Nadan Beef / Kerala Beef Curry
N

Nadan Beef / Kerala Beef Curry

I have served this dish at my PomPom Indian Pop-Ups and it is a real crowdpleaser amongst red meat lovers. Easier than you might imagine, it requires not much effort to put together a pot of flavourful, tender Nadan Beef curry. Familiarise yourself with the ingredients in this curry and you’ll soon begin to understand the backbone of Kerala and its cuisine which is revered as the “Spice Capital of India.”

This dish in many ways defines Kerala. Hinduism is the largest population in India, with close to 80% of the population defining themselves as Hindus. Cows in Hinduism are sacred symbols of life that are protected and revered. Due to the majority of the population, most parts of northern, central and western India, hold a complete or partial ban on cattle slaughter and beef consumption.

Kerala however is one of the few states in India that does not have a ban on beef and its beef dishes are loved and devoured by people of all religion and caste. This dish then is not only a statement of Indian cuisine, but it is a statement of Indian politics.

Nadan Beef / Kerala Beef Curry

Nadan Beef / Kerala Beef Curry

5 from 2 votes
Course: Dinner, LunchCuisine: IndianDifficulty: Easy
Servings

4

servings
Prep time

10

minutes
Cooking time

40

minutes

Ingredients

  • 1 tsp mustard seeds

  • 2 tbsp coconut oil

  • 800 g beef rump, cut into bite sized pieces

  • 4 banana shallots

  • 1 tbsp garlic and ginger paste

  • 1 tbsp garam masala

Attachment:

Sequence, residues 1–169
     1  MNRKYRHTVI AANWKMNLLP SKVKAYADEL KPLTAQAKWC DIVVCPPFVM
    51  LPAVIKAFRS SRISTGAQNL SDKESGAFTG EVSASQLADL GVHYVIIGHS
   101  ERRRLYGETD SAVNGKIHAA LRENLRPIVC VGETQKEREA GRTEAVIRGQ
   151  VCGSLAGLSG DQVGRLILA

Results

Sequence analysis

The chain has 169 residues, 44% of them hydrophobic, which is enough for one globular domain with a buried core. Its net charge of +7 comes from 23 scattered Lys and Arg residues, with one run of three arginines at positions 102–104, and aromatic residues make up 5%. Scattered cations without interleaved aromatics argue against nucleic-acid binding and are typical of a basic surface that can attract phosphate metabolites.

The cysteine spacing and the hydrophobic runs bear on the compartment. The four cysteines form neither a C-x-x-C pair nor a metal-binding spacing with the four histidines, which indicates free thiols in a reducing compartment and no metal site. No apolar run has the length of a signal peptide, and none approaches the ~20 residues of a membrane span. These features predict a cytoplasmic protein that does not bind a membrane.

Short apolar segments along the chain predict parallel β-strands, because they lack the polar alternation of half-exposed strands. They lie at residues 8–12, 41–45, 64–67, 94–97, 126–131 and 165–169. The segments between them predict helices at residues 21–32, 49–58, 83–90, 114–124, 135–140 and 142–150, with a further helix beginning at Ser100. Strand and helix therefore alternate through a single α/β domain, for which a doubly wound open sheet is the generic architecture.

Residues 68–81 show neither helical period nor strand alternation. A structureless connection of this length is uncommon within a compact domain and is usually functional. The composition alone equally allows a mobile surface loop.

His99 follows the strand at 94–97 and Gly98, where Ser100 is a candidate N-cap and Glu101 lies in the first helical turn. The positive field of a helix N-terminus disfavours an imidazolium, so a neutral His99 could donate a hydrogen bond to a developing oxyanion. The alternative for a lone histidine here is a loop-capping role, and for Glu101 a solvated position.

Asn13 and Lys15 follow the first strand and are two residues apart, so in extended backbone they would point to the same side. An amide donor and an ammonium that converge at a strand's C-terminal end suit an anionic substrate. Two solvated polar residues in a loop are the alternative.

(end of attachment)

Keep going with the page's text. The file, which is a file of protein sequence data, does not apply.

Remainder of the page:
• 1 tbsp curry powder

  • 1 tbsp red chilli powder (less if you don’t want it so spicy)

  • 1 tsp coriander powder

  • 1 tsp turmeric

  • 5-8 curry leaves

  • 4 large tomatoes, diced

  • salt & pepper

  • fresh chopped coriander, to serve

  • limes, to serve

Directions

  • Heat half of the coconut oil in a large saucepan. When fully melted and hot, add the beef cubes and brown for 2-3 minutes. Depending on the size of your pan, you will probably want to do this in batches. Coking too much meat at once will resulting in the beef sweating as opposed to browning.
  • Remove the beef to a bowl and set aside.
  • Add the remaining coconut oil to the pan and add the mustard seeds when the oil is hot.
  • When the mustards seeds begin to splutter, add the onions. Season with salt. Turn down the heat and fry for around 10-15 minutes until soft, translucent and slightly browned. Add a splash of water if they begin to catch.
  • Add the garlic and ginger paste along with the garam masala, curry powder, chilli powder, coriander powder, turmeric and curry leaves. Stir to combine and cook for 30-40 seconds.
  • Add the chopped tomatoes and browned beef along with enough water of beef stock to cover everything.
  • Turn the heat right down and allow the mixture to simmer slowly until the beef is very tender. Don’t rush this step and cook over a low heat – it could take up to an hour.
  • Taste and season with salt and freshly cracked black pepper.
  • Serve with a squeeze of fresh lime and garnish of fresh coriander leaves.
CategoriesIndian Meat

Leave a Reply

Your email address will not be published.